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Just to put things in perspective, a mere 12,000 years ago the state was covered in glacial ice, several thousand feet thick in the interior of the state. Hunter/gatherer paleo indians would have been running down Mastodons in Pennsylvania, at the edge of the glacier.
This ice was so heavy, it compressed the plastic Mantle of the Earth and the ground surface sunk as much as 300 feet below today's levels.
Then the ice melted, and it seems to have melted rapidly.
This started delivering a lot of water back into the ocean.
But the land remained pushed down, because it could not rebound as quickly as the ice was melting.
So as the ice melted toward the north, the sea flooded the land.
It flooded all the way to Gray, Windham, Augusta where there are delta deposits of sand. And all the way up the river valleys to Bangor etc. Anywhere you find blue clay soil shows the ocean was there.
After the ice was thinned and melted back, the earth's mantle rebounded in a series of earthquakes from the weight being removed. This eventually brought all the submerged land out of the ocean. This happened quickly, because there are very few beach deposits from the glacial days. So things were happening so quickly that beaches could not be established.
As the land rebounded, the sea level was not quite as high as it could be, because there was still a lot of water frozen in the glaciers covering Canada and northern Europe. So with less water in the ocean, much of the Gulf of Maine was brought up out of the sea.
There were no plants on the land and no topsoil. So there was nothing to hold the sand and mud and gravel in place and terrific erosion took place as the land went up.
Eventually, the glacier melted, the water was returned to the ocean, the land rebounded to the present level and the Gulf of Maine went back under water. (Even this is not the whole story, because the coast of Maine has been going back down for the last several hundred years.)
Once out of the ocean Maine looked like a scrubby wasteland for hundreds of years. Eventually trees took hold. Probably a whole state of poplar and gray birch and alder. Over time, as top soil was formed the present mixed forest took hold.
Researchers have drilled out core samples from Maine lake beds and bogs and have counted the pollen grains, going back in time. This gives a sense of what plants were dominant in any given year, because they can count the yearly layers back through time. These studies show the climate changed several times between then and now. There were warmer and colder periods and wetter and dryer periods over the centuries.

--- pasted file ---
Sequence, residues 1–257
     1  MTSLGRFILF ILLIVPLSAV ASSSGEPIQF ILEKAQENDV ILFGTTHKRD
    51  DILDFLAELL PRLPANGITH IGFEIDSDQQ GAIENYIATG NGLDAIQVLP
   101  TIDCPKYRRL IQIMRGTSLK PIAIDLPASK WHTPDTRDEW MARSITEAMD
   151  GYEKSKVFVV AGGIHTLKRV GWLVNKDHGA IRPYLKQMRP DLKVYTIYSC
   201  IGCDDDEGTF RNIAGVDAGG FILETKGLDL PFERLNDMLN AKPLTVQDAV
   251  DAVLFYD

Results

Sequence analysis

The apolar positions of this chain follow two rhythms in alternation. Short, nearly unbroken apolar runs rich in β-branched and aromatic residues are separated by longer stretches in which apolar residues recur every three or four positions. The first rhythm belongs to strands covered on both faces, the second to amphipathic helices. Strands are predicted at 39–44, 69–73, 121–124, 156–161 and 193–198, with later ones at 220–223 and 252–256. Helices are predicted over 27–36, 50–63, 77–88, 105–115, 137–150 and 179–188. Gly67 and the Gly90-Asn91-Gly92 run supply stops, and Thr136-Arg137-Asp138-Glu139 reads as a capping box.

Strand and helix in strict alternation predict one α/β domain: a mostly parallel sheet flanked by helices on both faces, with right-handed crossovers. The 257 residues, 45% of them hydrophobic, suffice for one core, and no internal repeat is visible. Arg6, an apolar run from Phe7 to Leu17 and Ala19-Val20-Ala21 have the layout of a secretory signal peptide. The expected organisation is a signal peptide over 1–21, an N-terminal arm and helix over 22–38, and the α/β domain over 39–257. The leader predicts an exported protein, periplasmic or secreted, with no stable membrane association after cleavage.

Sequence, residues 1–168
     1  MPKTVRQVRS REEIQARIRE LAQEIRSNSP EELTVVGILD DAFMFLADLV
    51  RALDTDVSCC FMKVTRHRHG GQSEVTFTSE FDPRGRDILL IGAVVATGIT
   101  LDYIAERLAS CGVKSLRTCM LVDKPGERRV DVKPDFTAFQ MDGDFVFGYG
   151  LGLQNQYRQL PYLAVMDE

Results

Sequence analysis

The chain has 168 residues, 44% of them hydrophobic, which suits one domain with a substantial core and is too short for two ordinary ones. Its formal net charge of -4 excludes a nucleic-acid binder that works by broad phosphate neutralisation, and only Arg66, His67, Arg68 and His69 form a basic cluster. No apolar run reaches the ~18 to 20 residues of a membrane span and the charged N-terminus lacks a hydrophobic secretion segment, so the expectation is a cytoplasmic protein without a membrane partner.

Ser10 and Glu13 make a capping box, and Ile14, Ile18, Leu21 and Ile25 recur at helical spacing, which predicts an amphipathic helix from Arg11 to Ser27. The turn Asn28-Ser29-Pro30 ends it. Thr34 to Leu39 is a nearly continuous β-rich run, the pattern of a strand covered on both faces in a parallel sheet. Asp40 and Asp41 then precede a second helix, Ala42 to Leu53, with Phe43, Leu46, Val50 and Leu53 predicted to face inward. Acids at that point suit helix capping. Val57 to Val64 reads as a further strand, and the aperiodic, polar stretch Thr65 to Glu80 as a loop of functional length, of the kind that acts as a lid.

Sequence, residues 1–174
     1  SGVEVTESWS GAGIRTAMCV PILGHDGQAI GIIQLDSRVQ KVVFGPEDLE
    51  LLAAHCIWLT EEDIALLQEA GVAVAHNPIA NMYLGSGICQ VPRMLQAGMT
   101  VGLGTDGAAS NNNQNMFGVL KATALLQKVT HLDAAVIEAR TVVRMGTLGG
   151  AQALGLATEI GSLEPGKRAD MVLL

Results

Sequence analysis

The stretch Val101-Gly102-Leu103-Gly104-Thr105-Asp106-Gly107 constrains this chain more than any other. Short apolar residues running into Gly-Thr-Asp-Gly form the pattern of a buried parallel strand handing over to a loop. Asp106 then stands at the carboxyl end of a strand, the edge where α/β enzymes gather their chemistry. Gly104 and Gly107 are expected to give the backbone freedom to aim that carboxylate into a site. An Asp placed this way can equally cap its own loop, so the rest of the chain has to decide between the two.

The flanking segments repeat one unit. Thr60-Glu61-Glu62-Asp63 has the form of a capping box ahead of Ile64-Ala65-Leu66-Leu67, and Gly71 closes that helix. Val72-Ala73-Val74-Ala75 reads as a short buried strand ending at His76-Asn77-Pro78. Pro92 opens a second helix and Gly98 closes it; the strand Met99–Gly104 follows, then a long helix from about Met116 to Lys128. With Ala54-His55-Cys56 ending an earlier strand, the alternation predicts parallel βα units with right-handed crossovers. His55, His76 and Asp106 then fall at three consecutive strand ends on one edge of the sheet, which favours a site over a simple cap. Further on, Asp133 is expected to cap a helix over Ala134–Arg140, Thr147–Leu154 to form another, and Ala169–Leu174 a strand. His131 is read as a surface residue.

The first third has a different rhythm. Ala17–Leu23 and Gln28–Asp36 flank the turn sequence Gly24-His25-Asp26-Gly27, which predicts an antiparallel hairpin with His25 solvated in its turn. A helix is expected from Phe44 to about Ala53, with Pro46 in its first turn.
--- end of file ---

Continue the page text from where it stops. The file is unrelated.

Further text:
To think that some sea level changes is an aberration is laughably simplistic.
Maybe core samples taken 10,000 years from now will reveal Volvos and BMWs, along with a few F-150s.
Or at least a bunch of tires. Maybe some snow mobiles.
[quote]While NRCMâ€™s press release used words like downtown Portland being "wiped out" and Bath Iron Works being "ruined" by rising sea levels, a representative acknowledged in an interview that most of the scenarios laid out in the report would happen gradually over decades or even centuries.
But they said the report should serve as a wake-up call to state and local officials, businesses and average citizens about the need to reduce greenhouse gas emissions.
"Itâ€™s something thatâ€™s preventable," said Dylan Voorhees, the groupâ€™s clean energy director. "We wanted to take this sense of urgency and do something with it."[/quote]
... where "doing something" with the envirochondriacs' own "sense of urgency" means trying to stampede people into an artificially created panic on behalf of the viro's Anti Industrial Revolution.
Anyone concerned with being "wiped out" in 400 years should ponder the more realistic threat of being wiped out by the viros' politics much sooner.
thanks for the rational, well written and thought out informative piece.
See, things change.
I can see the Kennebunk assessor deep in thought, after reading the article above... "hmmm... if the coast is [i]eventually[/i] going to be under water, that means I should do spot revals now, and tax everything [i]inland[/i] as water-view, too - heck, it would only be PRO-ACTIVE!"
Not only those changes, but consider this.
There is solid evidence from across America that over the past few million years glaciers advanced over the northern states at least 4 different times.
That means that 4 different complete ecosystems were entirely wiped out.
And four ecosystems became re-established after the glaciers melted.
Think about that. Each time the glaciers came through, every lake, every river, every wetland every forest, every habitat and every animal was dislocated, destroyed, or pushed south.
And during each period between glaciers a new set of lakes, wetlands, rivers, forests, habitats and animals was established.
All the way from the Dakotas to Maine and south to Pennsylvania.
All done with no permits.
How can we arrange for this to happen in Augusta before November?